The first batch of images weren’t great, and most came back as illustrations. Then I added the word ‘close up’ and the results were much better. Dall-E clearly has a few issues with creating faces, but overall it did pretty good. You might even be able to Photoshop an image to make it perfect if Dall-E can’t quite get there, or use the new Image Editing Tool, which is still in beta.
The Dall-E Image Editing Tool
The last thing I wanted to to was test the Image Editing Tool in Dall-E. It lets you erase part of an image to edit it or add a generation frame to extend the image. Essentially, it allows you to make minor fixes to imagery that you’ve generated, in addition to expanding it out. It sounds similar to how you use the content-fill tool in Photoshop, but better. Let’s see how it actually performs.
So I chose to edit the highest quality image that Dall-E has created for me so far; the first image created from the close up face of a red head woman with freckles prompt. I generated a little bit out of the image at a time, counting on the AI to fill in the image appropriately. It did pretty well for awhile, but things got weird when it had to generate too much beyond the original image.
The Image Editing Tool didn’t really do a great job here, but it’s still in beta. If I wanted to use this image for an actual project I would probably need to add some better hair and make edits in Photoshop rather than continue along in Dall-E. But still, the initial image is really great.
I wanted to try the Image Editing Tool with one more image; but with an image that wasn’t realistic. I went with Voldement, his Slushee, and the unicorn. I think that particular image has the most potential to create something totally unique and ridiculous.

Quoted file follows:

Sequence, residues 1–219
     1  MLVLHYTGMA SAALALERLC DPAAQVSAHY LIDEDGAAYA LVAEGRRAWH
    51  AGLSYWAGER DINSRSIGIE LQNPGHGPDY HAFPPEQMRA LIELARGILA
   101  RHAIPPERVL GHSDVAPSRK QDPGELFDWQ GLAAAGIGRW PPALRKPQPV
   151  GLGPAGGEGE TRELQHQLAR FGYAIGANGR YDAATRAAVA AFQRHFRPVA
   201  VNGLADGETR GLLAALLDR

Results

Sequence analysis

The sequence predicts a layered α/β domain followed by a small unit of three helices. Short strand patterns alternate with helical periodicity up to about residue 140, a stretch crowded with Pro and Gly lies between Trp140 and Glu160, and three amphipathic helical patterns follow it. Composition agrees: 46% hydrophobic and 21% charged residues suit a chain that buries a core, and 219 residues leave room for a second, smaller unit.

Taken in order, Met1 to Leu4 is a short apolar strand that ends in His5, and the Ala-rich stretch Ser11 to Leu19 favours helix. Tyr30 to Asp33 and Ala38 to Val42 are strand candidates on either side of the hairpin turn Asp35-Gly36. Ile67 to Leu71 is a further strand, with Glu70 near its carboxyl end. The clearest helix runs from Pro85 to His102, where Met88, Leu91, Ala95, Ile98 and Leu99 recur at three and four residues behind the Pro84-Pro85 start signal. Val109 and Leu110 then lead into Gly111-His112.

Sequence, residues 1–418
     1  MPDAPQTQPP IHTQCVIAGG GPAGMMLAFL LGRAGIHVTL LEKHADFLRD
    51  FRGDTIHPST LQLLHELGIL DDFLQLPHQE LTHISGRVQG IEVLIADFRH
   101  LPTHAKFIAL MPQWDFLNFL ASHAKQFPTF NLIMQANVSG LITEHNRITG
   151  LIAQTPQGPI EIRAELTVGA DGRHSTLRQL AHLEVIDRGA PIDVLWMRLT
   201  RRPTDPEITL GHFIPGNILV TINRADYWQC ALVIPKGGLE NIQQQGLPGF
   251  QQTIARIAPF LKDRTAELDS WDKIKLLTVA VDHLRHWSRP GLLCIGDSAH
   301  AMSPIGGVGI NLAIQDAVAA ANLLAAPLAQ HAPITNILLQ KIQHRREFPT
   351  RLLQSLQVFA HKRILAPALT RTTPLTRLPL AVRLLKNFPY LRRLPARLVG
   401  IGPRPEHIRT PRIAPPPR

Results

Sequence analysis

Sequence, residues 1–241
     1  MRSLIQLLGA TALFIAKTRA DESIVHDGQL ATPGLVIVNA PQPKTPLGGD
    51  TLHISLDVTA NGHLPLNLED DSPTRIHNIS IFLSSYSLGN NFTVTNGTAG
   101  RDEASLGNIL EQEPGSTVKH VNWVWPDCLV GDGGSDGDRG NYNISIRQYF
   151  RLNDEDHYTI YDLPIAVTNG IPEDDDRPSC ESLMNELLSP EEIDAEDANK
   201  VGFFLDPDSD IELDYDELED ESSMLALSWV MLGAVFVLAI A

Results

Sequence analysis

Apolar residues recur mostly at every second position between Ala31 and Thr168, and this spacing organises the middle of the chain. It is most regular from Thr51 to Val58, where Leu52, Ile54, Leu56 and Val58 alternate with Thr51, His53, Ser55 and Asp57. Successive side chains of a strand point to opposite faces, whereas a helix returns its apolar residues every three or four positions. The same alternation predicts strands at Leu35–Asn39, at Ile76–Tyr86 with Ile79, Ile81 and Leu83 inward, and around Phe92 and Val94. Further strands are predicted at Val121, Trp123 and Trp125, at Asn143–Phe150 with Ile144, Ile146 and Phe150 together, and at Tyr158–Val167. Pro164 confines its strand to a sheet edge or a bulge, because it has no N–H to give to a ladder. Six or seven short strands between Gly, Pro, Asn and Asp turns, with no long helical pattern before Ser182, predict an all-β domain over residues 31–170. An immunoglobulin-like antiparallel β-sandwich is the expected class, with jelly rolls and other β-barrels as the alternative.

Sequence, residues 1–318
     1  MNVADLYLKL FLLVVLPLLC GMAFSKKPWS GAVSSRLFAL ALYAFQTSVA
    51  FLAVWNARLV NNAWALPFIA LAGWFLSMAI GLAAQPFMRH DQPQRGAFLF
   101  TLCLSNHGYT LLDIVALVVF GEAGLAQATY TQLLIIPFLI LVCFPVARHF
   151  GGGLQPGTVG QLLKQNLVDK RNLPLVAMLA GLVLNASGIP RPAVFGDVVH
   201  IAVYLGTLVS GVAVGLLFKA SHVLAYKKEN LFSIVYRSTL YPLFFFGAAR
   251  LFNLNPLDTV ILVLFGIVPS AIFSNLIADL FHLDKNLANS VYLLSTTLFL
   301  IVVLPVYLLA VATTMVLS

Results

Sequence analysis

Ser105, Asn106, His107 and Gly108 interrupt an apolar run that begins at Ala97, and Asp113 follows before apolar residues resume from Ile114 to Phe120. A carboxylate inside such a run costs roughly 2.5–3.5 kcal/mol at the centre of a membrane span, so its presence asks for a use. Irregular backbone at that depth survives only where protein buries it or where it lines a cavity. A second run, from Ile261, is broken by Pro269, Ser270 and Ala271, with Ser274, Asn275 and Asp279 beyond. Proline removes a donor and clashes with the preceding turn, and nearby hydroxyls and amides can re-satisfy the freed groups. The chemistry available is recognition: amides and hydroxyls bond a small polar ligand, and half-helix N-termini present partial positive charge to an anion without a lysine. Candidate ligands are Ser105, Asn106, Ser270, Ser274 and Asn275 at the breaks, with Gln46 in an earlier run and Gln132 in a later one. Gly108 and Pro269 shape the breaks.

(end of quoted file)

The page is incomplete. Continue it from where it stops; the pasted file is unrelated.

That it did.
I picked the first image of Voldemort and his Slushee that Dall-E gave, me, then went a bit nuts with it. Basically, I kept asking Dall-E to re-generate different versions of Voldemort holding a Slushee riding a unicorn all over the place, but still adding to the original image. Eventually I generated what I consider to be the greatest image ever created of He Who Must Not Be Named. I’m sure you’ll agree. This is the true power of AI generated imagery.
Dall-E Versus Designer
If you’re interested in seeing a direct comparison between an AI and a graphic designer, you can. A studio called MKBHD posted a YouTube video where they challenged their graphic designer to create prompts that were also given to Dall-E. It’s a great video and you should definitely check it out. The results certainly proved that the designer’s work was of a higher caliber than the AI created imagery. Although, the AI images are created in seconds, rather than hours. Maybe a mix of both AI created art with a designer’s touch is ultimately where we’ll end up?
Dall-E For Graphic Design – In Summary
While it might take a bit of tweaking to get an image that fits what you’re looking for, as long as you’re not super picky about the exact type of imagery you need, Dall-E looks like a great option to generate unique imagery for design work. Fortunately, Dall-E likely won’t replace the job of graphic designers for awhile, but it could replace certain image making tasks that would be done by designers, illustrators, 3D artists, and photographers, but only to a point.
Dall-E is impressive but has a long way to go before it really threatens the design industry. For now, we can use Dall-E for graphic design to create unique imagery, rework our own images, extend an image beyond its original dimensions, and be inspired by the general creativeness of the AI. At some point I expect photo editing software like Photoshop will have this type of AI image generation built right into the program. There is just so much we can do with it.
Have you had any luck using Dall-E for graphic design? Have you used Dall-E created imagery for client projects? Can you think of anytime you’ll likely use Dall-E for graphic design projects? Let me know in the comments below!
I wrote a post awhile back about the app Wombo Dream. It was my first time using AI generated art and I was really impressed. It can’t quite compare to Dall-E for graphic design projects that require any amount of realism, but for abstract art it’s pretty cool. You can check it out here: Wombo Dream, AI Created Art – Is This The Future of Art?